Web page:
How convenient that the New Testament gospels tell us Jesus said, “The poor are with you always”! By a perverse misuse of that brief sentence, the financially comfortable (not to mention the truly rich) can excuse themselves from concern over the large number of poor and desperately poor people in our nation and our world. Reading slightly further in the Gospel of Mark, we find, “For you always have the poor with you, and you can show kindness to them whenever you wish; but you will not always have me.” (Mark 14:7 NRSV) There’s the perfectly convenient combination of assurance that there will always be poor people (as though it were right and proper that there should be) with a reminder to give them charity at our leisure, right? No, dead wrong!
The brief quotation, “For you always have the poor with you,” has been taken out of context to produce a falsehood radically at odds with the overall message of the Bible and, especially, with Jesus’ announcement of the kingdom of God and with his ministry. Context matters. Context always matters.
Below is the context within the passage in Matthew’s version. The tellings of the story in Mark and John are much the same except for identifying differently who it is that objects to the alleged waste of the expensive ointment (in Mark it is a vague “some who were there” and in John none other than Judas Iscariot, the disciple who would become the traitor).
Now while Jesus was at Bethany in the house of Simon the leper, a woman came to him with an alabaster jar of very costly ointment, and she poured it on his head as he sat at the table. But when the disciples saw it, they were angry and said, “Why this waste? For this ointment could have been sold for a large sum, and the money given to the poor.” (Matthew 26:6-9 NRSV)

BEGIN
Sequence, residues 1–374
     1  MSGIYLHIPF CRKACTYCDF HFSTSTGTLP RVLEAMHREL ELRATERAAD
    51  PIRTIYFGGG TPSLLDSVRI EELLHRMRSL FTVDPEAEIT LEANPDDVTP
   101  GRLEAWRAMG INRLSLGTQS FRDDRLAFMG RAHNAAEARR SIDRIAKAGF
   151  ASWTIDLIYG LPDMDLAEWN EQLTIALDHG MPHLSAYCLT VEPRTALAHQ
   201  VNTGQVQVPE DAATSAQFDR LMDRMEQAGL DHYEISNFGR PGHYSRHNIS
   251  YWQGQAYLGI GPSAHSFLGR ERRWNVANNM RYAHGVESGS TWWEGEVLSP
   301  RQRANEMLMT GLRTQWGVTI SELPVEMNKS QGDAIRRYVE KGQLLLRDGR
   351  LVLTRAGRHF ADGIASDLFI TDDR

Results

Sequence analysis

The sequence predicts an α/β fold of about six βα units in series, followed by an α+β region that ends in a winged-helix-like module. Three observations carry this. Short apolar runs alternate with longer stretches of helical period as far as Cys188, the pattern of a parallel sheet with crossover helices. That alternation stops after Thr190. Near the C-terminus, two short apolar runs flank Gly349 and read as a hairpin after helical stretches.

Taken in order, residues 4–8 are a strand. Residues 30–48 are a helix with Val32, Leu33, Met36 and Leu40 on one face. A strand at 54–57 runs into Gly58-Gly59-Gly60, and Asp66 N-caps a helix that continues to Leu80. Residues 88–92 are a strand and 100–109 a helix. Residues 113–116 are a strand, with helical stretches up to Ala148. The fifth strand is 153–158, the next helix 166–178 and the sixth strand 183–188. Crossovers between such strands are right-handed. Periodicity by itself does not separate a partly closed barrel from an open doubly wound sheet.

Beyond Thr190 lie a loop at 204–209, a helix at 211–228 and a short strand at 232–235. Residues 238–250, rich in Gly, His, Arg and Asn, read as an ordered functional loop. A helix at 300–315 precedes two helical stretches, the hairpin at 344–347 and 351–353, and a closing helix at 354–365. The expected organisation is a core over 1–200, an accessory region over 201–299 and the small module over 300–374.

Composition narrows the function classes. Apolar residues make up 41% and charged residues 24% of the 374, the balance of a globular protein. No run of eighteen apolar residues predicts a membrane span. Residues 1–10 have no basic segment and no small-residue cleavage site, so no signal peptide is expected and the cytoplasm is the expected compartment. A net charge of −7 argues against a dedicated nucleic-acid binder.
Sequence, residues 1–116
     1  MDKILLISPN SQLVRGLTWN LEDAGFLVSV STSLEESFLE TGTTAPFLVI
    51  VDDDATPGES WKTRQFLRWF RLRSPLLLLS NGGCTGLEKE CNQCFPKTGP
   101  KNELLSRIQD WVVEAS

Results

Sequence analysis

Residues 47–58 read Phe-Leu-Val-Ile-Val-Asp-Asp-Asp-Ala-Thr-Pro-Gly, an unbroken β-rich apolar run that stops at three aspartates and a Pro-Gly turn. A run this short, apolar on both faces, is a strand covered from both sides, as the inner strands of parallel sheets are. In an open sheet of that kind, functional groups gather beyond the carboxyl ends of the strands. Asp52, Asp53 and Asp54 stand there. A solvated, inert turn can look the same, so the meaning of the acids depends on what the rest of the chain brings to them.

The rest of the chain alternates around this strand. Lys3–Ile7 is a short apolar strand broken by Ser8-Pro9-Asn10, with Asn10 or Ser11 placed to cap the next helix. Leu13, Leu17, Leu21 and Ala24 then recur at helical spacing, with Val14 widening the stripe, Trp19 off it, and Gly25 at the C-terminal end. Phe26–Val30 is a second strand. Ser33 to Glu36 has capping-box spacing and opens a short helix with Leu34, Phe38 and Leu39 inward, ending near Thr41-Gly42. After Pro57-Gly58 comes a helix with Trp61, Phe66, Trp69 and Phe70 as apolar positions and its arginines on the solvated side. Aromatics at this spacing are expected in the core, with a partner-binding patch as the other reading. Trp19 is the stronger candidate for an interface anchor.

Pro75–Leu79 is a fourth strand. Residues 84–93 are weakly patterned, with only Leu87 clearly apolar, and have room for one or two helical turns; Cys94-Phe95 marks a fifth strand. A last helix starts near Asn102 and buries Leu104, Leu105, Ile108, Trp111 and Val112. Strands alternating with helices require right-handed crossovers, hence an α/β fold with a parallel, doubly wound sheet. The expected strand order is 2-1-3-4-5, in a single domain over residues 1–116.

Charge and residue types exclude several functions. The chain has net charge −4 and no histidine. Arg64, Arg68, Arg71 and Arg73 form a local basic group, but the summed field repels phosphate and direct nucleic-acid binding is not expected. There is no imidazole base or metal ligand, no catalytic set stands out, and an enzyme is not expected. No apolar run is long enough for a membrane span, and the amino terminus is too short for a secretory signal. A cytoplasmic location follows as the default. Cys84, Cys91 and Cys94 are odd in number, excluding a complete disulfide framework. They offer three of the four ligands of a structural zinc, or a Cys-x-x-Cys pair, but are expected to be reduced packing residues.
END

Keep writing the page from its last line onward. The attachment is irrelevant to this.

I have chosen to use Matthew’s account to point out that the objection does not have to come from non-disciples or a bad guy.
Clearly within its context, Jesus’ remark about the poor does not mean there should always or must always be poor people. It does not justify any system that by design keeps some people poor for the benefit of others. It does not say it is okay with him that some people should be poor. It certainly does not suggest that poor people have a place in society ordained by God, a place where they belong (in poverty and servitude), a place they have no right to leave. Nothing could run more contrary to the message of the Bible, from Exodus to Revelation!
What is the message in context? If I want to help someone, give that help at my own expense. The woman acted at her own expense in devotion to Jesus. In effect, disciples, mind your own business in such a personal matter! She has not instituted a program throughout the land for lavishing expensive stuff upon the rich while ignoring the poor. No, she has given a one-time gift for a very special reason to someone she regards as a very special person.
Two very popular but extremely wrong and dangerous beliefs are fed by the misuse of Jesus’ comment about the poor. One is the belief that conditions within society are as they should be, that the status quo is right, proper, and likely ordained by God, and that nothing should therefore be done to change the social, political, and economic systems that keep many people in poverty. The second is that people get what they deserve and deserve what they get. Jesus rejected both beliefs in his own society, and as his followers, we need to reject them in our own. People are not poor because they deserve to be poor. Neither are the financially successful rich because they deserve to be rich or because God has rewarded them with wealth.
The New Testament gospels provide us with many teaching of Jesus that bring hope to the poor and warning to the rich – not because poverty is some weird sort of blessing but because the coming reign of God means conditions and systems on earth will be changed. The first will be last, and the last first. The hungry will be satisfied, and the rich sent away empty. The lowly will be raised up, and the high and mighty cast down. It is not the will of God that some (indeed, many) should endure poverty so that some (relatively few) may live in luxury.
Thy will be done on earth! That is a prayer for change.